On Friday and Saturday, September 9 and 10, Amorim, coordinated ministerial meetings of the Group of 20. On the agenda, the bloc’s agricultural negotiating strategies for the World Trade Organization’s (WTO) Doha Round, in preparation for the WTO’s Sixth Ministerial Meeting, scheduled for December, in Hong Kong.
According to information furnished by the Brazilian Ministry of Foreign Relations (Itamaraty), on the first day the meetings, Amorim commented on the central role of the G-20 in the Doha Round, emphasizing that the united action altered the content and format of the negotiations.
The G-20 was founded in August, 2003, during the preparatory phase of the Fifth Ministerial Conference of the WTO, in Cancun, Mexico, to defend the mutual interests of developing countries with regard to agricultural issues.
The group has presently 19 members: five from Africa – South Africa, Egypt, Nigeria, Tanzania and Zimbabwe; six from Asia – China, Philippines, India, Indonesia, Pakistan and Thailand; and eight from Latin America – Argentina, Bolivia, Brazil, Chile, Cuba, Mexico, Paraguay and Venezuela.
The G-20 represents 13% of the global GDP (Gross Domestic Product, that is, the sum of all goods and services produced by a country or group of countries) and 21% of the global agricultural GDP, 57% of the world’s population, and 70% of the world’s agricultural population.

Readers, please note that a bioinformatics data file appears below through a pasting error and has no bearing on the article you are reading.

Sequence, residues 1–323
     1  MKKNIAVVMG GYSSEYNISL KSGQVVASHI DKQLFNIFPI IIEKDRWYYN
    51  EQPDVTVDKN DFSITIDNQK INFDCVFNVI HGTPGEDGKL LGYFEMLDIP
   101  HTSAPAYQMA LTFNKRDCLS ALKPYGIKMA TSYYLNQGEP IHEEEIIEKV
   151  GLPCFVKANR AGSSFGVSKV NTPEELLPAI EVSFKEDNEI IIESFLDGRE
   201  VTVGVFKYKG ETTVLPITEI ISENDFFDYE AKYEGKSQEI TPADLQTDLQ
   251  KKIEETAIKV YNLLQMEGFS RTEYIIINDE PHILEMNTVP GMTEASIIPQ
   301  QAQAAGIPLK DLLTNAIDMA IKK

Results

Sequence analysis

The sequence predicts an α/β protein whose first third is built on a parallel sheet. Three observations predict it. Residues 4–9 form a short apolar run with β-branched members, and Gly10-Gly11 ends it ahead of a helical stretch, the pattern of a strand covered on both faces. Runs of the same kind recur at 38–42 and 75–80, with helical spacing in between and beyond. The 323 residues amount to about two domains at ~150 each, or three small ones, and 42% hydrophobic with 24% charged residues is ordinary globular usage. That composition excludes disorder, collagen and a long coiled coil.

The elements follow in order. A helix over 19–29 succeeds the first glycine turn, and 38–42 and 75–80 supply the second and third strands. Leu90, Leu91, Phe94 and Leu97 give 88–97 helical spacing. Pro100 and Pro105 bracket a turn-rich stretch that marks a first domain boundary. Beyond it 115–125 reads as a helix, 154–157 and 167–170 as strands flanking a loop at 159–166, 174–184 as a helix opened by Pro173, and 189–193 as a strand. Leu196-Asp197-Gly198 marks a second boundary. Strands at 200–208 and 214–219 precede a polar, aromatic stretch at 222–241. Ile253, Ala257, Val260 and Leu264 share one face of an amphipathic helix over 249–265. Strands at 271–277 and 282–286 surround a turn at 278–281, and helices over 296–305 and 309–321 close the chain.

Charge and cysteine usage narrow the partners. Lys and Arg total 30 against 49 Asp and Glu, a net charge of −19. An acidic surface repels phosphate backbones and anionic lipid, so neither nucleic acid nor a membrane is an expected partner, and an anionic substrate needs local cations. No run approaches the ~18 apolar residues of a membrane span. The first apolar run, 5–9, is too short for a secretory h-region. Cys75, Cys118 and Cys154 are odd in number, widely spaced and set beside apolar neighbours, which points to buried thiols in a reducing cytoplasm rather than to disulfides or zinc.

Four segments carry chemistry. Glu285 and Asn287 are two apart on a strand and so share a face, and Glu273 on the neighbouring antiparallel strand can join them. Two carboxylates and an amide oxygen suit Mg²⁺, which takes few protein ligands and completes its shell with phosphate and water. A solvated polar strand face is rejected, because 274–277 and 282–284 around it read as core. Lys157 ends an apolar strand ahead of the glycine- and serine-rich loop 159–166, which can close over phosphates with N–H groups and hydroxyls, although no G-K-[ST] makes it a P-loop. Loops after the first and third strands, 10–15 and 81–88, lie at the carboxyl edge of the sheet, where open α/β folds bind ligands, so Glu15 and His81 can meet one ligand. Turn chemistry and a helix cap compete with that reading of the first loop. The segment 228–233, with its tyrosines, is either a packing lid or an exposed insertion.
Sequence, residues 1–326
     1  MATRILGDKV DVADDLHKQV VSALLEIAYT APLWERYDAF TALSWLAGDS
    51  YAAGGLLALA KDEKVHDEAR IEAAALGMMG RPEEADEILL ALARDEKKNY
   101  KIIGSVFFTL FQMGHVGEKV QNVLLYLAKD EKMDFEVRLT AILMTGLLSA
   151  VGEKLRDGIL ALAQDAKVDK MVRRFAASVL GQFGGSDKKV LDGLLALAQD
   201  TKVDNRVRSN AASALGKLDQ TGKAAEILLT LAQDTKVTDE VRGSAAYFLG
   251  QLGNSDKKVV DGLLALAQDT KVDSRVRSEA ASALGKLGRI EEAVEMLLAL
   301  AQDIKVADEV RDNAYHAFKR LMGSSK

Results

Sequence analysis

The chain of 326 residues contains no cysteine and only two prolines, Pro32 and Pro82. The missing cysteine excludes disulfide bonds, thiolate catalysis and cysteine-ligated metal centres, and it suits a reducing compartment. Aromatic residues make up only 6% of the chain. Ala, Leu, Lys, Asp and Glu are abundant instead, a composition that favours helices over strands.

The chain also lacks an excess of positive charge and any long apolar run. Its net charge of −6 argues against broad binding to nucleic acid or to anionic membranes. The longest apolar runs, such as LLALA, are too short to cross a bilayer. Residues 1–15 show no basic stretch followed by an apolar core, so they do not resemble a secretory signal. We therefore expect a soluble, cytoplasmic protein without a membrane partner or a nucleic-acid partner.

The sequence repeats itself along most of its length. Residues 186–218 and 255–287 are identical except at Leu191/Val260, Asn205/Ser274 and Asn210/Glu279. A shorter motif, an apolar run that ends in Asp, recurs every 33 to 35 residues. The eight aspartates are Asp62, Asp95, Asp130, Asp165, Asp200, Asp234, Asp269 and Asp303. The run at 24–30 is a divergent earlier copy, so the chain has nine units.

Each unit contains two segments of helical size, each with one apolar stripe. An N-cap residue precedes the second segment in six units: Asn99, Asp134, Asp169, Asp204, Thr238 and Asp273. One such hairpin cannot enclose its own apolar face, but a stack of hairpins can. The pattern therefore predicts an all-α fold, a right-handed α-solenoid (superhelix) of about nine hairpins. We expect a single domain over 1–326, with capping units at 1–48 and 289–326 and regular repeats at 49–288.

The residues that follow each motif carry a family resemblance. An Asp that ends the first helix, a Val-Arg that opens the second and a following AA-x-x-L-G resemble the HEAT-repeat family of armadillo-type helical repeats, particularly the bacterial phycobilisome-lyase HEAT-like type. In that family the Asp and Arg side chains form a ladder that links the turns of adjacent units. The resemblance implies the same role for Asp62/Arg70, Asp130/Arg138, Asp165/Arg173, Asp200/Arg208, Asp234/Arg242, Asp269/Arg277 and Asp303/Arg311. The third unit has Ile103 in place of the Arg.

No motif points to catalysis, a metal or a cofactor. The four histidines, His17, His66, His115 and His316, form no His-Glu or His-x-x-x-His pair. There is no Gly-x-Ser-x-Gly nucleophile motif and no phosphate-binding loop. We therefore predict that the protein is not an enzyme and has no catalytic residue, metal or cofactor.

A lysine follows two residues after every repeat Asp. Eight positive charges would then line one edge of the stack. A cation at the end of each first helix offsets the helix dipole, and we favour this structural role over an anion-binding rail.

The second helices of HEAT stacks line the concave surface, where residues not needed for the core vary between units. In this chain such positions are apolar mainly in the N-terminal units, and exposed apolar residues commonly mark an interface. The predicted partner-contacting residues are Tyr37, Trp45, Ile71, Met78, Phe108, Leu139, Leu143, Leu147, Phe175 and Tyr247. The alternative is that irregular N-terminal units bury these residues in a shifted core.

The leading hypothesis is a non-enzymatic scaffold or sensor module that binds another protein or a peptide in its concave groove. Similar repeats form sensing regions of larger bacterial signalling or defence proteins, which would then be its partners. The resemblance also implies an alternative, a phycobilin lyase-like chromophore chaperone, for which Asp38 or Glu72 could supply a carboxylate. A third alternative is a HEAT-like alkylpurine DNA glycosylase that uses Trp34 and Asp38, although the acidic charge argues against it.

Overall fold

It also accounts for 26% of world agricultural exports and 62% of global sugar production, 50% of global coffee production, 62% of global soybean production, 54% of global cotton production, 72% of global rice production, and 70.5% of global tobacco production.
Brazilian victories in the WTO against US cotton subsidies and European sugar subsidies were cited by the Pakistani minister of Commerce at the opening of the meeting.
He also mentioned the importance of the union among developing countries in combating distortions in the way agriculture is treated in the sphere of international commerce, and he underscored the role played by Brazil and India in coordinating the work of the G-20, which has led to positive results.
According to the Itamaraty, at a private meeting with the Pakistani Prime Minister, Amorim delivered a letter from President Lula, expressed gratitude for the visit by Pakistani president, Pervez Musharraf, to Brazil last year, and examined areas of potential bilateral cooperation, such as ethanol and aviation.
Minister Amorim is the first high Brazilian government official to visit Pakistan in 20 years. Since the visit by the Pakistani president to Brazil last November, official and business contacts between the two countries have become more intense. According to the Itamaraty, there are prospects for negotiating an agreement between Pakistan and the Mercosur.
Minister Amorim will take advantage of being in Pakistan to meet with president Pervez Musharraf and Foreign Minister, Kurshid M. Kusuri, for discussions on bilateral cooperation in energy, ethanol and aviation.
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